Anatomy of a Product Shoot

by Mar 13, 2011How To, Product Shots2 comments

After I did the post on the Pooka Pure and Simple photo shoot, a few photographers asked for a little insight into my lighting.

Basically it was a tabletop setup. I used white seamless paper for the background and the bottom. I used to strobe lights—one with a white shoot-through umbrella that was set 45 degrees to the left of camera. The second light was used with a 3ft octobank and placed above the table. It add reflection, I used a sheet of glass that I purchased from Home Depot for about $5. I used two so there would always be one ready for use while the other was being cleaned. Since I was going to be using wax to keep items in place, I knew there would be glass cleaning involved. The thing I didn’t count on were the sharp edges of the glass. That made handling and cleaning a bit tricky. We taped the edges of the glass, which showed up in some of the images. Next time I will use a larger sheet of glass to make certain I don’t have to worry about the edges.

The goal is to make certain that the products are well exposed while the white background is as white as possible. I tried to minimize the Photoshop use as much as possible. When I shoot in studio with strobes, I usually shoot at 1/125 with ISO set to 100. The meter reading for this setup was f16. I wanted to create nice, bright images to freshness of the body products, so I bracketed my images between f16, f18 and f20. I had one shot at these 50 or so products and I wanted to make sure I had the image I needed.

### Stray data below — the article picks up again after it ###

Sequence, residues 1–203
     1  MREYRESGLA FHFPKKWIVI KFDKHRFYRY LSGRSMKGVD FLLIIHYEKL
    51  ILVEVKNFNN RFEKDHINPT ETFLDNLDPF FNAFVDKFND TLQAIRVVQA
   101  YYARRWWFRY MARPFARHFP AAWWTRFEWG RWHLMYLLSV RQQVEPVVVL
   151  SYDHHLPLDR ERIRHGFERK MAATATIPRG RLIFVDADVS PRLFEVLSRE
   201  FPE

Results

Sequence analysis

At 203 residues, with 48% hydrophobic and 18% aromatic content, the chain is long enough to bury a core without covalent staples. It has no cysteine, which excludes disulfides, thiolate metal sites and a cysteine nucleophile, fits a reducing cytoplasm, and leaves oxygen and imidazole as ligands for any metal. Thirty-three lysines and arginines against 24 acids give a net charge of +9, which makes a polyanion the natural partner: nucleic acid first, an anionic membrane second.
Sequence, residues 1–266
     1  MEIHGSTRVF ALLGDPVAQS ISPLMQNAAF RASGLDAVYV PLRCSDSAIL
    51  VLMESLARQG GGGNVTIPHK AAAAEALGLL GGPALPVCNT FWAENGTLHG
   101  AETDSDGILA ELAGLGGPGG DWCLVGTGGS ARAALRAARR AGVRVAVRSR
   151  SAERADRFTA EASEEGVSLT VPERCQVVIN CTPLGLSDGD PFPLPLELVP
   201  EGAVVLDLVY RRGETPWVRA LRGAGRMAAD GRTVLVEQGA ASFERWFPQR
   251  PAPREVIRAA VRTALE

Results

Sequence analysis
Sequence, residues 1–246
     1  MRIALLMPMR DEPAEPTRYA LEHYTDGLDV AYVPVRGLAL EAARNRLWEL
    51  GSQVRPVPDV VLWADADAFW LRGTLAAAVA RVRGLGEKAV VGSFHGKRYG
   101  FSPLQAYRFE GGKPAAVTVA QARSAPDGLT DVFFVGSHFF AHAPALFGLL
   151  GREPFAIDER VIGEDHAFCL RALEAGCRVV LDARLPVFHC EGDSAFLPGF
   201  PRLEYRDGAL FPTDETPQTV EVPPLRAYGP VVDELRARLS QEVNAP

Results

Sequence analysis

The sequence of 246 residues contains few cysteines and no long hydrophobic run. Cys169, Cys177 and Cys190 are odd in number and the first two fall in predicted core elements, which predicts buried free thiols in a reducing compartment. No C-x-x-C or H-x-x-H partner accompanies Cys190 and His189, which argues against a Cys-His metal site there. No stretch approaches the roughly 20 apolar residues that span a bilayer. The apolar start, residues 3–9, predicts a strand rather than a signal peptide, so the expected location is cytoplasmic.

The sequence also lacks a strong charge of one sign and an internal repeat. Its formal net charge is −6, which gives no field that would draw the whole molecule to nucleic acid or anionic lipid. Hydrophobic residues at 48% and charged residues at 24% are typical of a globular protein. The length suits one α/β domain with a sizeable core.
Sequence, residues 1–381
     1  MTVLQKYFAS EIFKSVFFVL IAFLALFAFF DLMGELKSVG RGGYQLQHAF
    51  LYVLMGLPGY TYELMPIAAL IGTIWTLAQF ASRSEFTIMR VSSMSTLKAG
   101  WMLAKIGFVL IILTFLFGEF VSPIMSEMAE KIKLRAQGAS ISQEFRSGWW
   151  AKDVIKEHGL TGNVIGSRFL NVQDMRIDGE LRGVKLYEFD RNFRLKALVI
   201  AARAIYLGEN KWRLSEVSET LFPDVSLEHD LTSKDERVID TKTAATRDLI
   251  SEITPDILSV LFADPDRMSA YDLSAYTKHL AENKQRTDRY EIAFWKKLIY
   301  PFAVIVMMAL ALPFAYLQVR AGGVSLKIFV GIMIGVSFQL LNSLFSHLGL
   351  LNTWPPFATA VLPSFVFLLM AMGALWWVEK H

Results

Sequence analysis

I don’t usually use a tripod, but on this day I did so that placement is the same for various setups. Having a good assistant helped things move along quickly. To help the items, like lids, stand up on end I used wax. It’s important to use as little wax as possible or you end up doing a lot of Photoshop work. Of course wax had to be cleaned off the glass for each set up. What couldn’t be cleaned from the glass was removed with Photoshop. All in all, the Photoshop work was minimal, but I’ve learned a big lesson—sometimes it pays to outsource. Next time I do a shoot with this many images, I will be outsourcing the editing and retouching. By the way, I ended up with a total of over 1600 images from the day.

All of these behind-the-scenes photos were shot with my Blackberry Tour, but I think you get the idea.

First assistant Luigi (aka @Heliopolis) preps glass for the next setup.

The honey drip gets a little help starting.

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